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Alexander McQueen's fall 2009 show sends up fashion world

McQueen uses his runway as a theater stage to turn the industry's notion of reinvention on its head.


PARIS — In a season clouded with economic fear, when most designers did all they could to play it safe, it was easy to forget about the runway's power to provoke -- until Alexander McQueen's outstanding show. An absurdist piece of theater with a touch of gallows humor, the show sent up the whole fashion system, just as it teeters on the brink of collapse with magazine closures, declining ad and retail sales, and a burgeoning class of cyber critics who are their own arbiters of chic.

Drawing on the theme of "reinvention," the collection was presented on a runway of broken mirrors, around a trash heap of props from past McQueen shows, old car parts, a broken merry-go-round horse, even a kitchen sink.

If it sounds like the setup for Mugatu's "Derelict" collection in the 2001 film "Zoolander," it wasn't far off. McQueen was in high-camp mode, showing cartoon versions of couture classics that mixed the expensive with the mundane, the beautiful with the grotesque -- Dior's signature houndstooth New Look suit worn with a lampshade hat, Givenchy's little black dress done in a tangled mess of trash bags, a voluminous opera coat in silk "bubble wrap."

He even remixed elements from his own past collections -- the all-over feather-flocked gowns, the chain-mail head coverings, the harlequin prints -- making fun of his own compulsion for extreme runway drama.

The show continued the philosophical self-examination that began last season when Hussein Chalayan riffed on fashion's obsession with speed by creating fiberglass dresses caught in suspended animation. For fall, Chalayan searched for steadier ground, showing sexy, molded foam dresses and suits resembling the craggy surfaces of boulders. Viktor & Rolf, too, grappled with the idea of what is lasting and classic, something designers should be thinking about profoundly now. Set against classic statuary, the collection mimicked the draped, swagged effects of marble and stone.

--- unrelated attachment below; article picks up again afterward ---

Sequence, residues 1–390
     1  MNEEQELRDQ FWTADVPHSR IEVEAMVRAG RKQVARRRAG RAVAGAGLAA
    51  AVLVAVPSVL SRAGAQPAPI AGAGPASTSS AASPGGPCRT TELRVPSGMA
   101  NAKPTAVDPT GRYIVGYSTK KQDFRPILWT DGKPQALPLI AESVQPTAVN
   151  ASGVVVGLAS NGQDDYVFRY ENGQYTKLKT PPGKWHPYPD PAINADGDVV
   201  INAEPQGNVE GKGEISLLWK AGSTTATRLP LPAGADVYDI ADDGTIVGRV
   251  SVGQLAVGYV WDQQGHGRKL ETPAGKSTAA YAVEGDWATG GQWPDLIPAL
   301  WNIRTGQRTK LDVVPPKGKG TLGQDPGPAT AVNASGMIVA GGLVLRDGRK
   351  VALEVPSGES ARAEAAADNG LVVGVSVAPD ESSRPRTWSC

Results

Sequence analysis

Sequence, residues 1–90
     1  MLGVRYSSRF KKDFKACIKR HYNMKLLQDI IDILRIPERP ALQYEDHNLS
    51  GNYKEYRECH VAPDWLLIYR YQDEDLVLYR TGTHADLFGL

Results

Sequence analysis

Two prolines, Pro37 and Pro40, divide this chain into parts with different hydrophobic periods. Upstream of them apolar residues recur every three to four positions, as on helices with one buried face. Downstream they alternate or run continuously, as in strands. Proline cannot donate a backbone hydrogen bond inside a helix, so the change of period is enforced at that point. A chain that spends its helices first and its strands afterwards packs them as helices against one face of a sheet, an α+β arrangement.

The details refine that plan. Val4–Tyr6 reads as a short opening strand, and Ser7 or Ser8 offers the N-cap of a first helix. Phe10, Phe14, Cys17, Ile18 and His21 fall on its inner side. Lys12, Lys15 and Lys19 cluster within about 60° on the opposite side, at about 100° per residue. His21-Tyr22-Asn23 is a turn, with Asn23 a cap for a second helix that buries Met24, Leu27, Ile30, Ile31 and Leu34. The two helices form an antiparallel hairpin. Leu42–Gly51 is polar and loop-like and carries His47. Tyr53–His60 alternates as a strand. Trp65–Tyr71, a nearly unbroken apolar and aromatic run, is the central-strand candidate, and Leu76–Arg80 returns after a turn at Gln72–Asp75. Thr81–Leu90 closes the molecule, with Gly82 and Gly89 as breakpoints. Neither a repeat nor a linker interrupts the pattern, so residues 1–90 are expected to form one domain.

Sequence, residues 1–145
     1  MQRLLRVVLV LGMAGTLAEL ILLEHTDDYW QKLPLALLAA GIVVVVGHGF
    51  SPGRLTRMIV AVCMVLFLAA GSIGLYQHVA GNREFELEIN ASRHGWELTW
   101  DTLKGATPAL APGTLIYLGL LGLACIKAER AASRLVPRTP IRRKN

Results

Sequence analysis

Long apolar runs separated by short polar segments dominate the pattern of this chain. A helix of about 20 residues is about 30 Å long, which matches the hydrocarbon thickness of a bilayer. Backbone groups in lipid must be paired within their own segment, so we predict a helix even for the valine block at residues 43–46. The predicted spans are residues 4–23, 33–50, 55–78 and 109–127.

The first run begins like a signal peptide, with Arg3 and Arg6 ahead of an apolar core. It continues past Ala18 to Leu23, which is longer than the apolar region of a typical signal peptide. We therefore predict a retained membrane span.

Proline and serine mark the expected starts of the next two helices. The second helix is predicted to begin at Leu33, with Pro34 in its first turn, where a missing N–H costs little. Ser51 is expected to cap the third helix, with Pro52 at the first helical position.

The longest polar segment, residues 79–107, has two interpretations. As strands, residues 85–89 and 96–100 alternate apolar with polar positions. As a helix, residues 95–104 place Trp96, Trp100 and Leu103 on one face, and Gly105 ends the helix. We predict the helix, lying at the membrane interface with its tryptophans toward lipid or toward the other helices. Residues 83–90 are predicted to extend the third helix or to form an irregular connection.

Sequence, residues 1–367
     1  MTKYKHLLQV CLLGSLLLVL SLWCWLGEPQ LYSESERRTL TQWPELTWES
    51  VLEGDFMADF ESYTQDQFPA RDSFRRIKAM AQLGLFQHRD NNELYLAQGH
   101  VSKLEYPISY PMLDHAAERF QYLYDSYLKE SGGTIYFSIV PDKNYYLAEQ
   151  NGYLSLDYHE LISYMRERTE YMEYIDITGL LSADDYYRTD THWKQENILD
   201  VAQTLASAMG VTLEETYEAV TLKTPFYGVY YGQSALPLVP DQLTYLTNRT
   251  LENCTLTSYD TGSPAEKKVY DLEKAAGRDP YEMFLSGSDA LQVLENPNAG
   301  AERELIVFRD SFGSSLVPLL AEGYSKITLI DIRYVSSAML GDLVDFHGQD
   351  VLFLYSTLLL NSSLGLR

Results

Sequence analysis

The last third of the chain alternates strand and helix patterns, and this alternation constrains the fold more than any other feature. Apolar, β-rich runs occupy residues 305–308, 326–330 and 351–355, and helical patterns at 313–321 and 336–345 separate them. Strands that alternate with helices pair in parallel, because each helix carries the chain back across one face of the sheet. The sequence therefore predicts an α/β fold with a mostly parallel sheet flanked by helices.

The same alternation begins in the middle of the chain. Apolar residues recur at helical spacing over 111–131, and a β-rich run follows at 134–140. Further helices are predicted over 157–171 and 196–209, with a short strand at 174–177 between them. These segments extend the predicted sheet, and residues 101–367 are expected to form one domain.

Similarly, McQueen shook the very foundations of a top-down industry that expects designers to invent every few months to keep the wheels turning. The irony is that the industry also stands or falls on the concept of reinvention (or ripping off), as trends trickle down to places like Target, where McQueen's McQ line is on sale this month, one of the store's popular high-low designer collaborations.

At the same time, by referencing the old masters (including Givenchy, where you'll recall McQueen spent five unhappy years), he underscored the idea that high fashion will always be tied to the past, so long as there are old houses with new designers, and long-gone style icons who continue to be worshiped. So nothing, it seems, can ever truly be new.

Confused yet?

The collection was controversial from the start. The hobbling high heels and clownish makeup mimicking surgically enhanced lips (inspired by Terry Gilliam's film "Brazil") prompted some to label McQueen a woman hater.

Others sneered that he would have plenty of his own clothes to recycle because they don't sell. But McQueen is not alone in that -- most of the clothes that designers sell are not from runway shows but from more wearable pre-collections, commercial collections or even Target collections. So why not just make a show about showmanship?

McQueen wasn't denying that he's part of the system. And I don't think he is expecting that these clothes will be worn (though they were all beautifully made). This show was a statement, an expensive and risky one in such a no-nonsense business climate. But it made us all think, and it reinforced McQueen's reputation as the reigning enfant terrible of fashion, not even afraid to bite the hand that feeds him. Let's hope it doesn't cost him too much.


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